Having a guided tour of the Fashion Institute of Technology (FIT) museum's Dance and Fashion exhibition will be one of the highlights of the tour for me as a fashion student. Prior to our guided tour I was expecting to see the relationship between dancewear and fashion and their separate influence on each other as creative disciplines. I know now just how intertwined the creative industries are. Visual arts links to fashion links to music links to film and so on and this exhibition is a prime example of this.
This exhibition showed examples of the fashions in dance costume (focusing predominantly on ballet costumes) through the last century, moving onto modern dance costumes (an example being Rei Kawakubo's bump pieces that were used for a dance piece) and athleticwear worn for dance training, before showing costumes for niche dance styles such as flamenco dance which I found interesting, I would have loved to see more dance costumes for niche dance styles. The development of Ballet's tutu was highlighted as it was a significant and controversial change at the time. The exhibition also showed fashion designers take on creating dance costumes and fashion that was inspired by dance and its costumes which was less expected. By less expected, I mean that I realise that fashion takes inspiration from many places including dance, however I was expecting this exhibition to focus more on fashion within the realm of dance costume. I found fashion designers take on dance costume to be the most interesting, partially because the creations were for the most part relatively new/modern but also because the designers were able to take fashion and dance costume and put their own aesthetic behind it. Some designers made dance fashion wearable for the street while some made it avant-garde and subverted the original intention and function of the garment or item, elevating it into a work of art, for example the Christian Louboutin Ballet Point heel which takes the shape of a pointe shoe and adds a heel to it.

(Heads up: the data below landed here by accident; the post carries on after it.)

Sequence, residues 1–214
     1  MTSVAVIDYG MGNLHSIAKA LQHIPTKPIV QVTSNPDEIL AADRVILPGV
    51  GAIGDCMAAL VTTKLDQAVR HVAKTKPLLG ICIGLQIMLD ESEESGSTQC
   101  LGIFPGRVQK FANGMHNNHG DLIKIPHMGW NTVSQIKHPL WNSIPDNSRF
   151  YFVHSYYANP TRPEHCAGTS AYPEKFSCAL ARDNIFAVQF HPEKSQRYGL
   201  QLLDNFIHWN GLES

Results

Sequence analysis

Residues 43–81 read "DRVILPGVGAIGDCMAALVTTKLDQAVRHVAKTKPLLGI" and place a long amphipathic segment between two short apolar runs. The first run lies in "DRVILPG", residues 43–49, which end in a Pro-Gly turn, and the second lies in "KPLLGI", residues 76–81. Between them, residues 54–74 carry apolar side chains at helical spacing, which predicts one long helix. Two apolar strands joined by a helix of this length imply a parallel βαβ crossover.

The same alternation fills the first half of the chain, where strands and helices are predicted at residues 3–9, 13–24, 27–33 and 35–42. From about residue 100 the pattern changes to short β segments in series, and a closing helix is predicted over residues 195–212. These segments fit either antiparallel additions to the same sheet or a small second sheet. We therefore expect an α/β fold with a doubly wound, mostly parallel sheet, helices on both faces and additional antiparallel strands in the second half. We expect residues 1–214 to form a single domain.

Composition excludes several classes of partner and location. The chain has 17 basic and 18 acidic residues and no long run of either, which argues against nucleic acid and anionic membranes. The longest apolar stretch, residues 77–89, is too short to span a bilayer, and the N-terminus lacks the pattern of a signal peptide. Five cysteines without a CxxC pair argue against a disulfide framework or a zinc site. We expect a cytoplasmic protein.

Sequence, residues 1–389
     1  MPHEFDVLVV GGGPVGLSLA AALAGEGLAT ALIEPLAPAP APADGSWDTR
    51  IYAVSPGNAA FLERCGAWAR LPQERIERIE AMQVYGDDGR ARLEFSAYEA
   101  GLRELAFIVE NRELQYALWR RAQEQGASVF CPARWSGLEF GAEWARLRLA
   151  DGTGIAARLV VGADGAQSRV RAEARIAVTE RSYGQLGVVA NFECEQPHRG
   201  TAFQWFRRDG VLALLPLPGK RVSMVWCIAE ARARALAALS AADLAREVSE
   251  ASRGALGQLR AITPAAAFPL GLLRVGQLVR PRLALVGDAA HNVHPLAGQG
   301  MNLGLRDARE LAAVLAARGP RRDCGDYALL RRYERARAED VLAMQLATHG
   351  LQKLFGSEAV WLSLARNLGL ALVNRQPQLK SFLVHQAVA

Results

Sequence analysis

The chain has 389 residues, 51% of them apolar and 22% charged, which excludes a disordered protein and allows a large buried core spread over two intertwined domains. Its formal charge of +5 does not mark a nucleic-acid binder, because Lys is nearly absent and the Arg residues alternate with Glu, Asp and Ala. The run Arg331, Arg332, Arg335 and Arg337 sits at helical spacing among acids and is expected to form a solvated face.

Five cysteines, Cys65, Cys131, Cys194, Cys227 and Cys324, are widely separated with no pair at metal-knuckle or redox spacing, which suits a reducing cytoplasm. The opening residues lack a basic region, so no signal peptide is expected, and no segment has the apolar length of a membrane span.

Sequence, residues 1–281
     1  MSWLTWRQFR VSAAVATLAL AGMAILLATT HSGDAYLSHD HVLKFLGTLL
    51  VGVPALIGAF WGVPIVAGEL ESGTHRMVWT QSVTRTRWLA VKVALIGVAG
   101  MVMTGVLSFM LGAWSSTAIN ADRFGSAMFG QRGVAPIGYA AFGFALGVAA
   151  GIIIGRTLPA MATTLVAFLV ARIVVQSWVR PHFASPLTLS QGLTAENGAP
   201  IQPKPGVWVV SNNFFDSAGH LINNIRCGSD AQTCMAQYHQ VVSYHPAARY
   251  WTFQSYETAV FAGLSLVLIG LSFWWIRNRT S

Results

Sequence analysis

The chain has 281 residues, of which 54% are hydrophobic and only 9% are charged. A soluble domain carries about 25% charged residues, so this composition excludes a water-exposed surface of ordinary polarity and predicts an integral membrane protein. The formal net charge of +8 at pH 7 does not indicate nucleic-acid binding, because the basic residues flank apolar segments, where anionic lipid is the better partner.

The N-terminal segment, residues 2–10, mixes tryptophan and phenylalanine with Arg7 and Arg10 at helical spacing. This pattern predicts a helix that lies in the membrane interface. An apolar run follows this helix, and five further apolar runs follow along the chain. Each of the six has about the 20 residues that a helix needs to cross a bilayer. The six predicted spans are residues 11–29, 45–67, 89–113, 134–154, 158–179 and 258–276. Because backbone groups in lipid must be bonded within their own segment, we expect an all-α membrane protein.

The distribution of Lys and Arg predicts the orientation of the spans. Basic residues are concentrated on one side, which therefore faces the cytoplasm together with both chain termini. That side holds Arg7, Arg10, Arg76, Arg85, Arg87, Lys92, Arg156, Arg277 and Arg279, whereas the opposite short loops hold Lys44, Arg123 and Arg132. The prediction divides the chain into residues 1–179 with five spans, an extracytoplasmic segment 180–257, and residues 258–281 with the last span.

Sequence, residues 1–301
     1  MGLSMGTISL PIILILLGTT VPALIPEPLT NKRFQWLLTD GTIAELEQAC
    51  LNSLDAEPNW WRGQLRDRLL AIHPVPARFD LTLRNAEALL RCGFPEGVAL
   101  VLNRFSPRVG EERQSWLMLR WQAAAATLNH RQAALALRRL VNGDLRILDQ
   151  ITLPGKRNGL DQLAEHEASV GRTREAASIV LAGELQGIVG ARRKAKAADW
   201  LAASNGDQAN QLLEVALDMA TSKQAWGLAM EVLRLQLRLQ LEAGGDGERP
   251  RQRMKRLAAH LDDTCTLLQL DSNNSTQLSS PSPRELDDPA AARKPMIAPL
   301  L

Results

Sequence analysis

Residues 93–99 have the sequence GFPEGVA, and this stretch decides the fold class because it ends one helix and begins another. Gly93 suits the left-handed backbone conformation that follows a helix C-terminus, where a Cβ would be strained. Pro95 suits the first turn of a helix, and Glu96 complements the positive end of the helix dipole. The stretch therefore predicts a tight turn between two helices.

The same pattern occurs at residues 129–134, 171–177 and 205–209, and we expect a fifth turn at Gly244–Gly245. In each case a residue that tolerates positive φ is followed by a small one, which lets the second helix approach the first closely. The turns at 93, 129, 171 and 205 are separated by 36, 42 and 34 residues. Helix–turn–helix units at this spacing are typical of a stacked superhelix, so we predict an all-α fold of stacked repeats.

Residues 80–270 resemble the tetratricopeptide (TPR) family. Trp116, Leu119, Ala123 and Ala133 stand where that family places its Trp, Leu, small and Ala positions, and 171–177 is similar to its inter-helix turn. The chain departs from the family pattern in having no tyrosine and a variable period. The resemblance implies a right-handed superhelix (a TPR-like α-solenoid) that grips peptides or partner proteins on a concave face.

Sadly, we were ushered out of this exhibition much too soon but it taught me that dancewear can be avant-garde too and that a personal aesthetic makes a world of difference.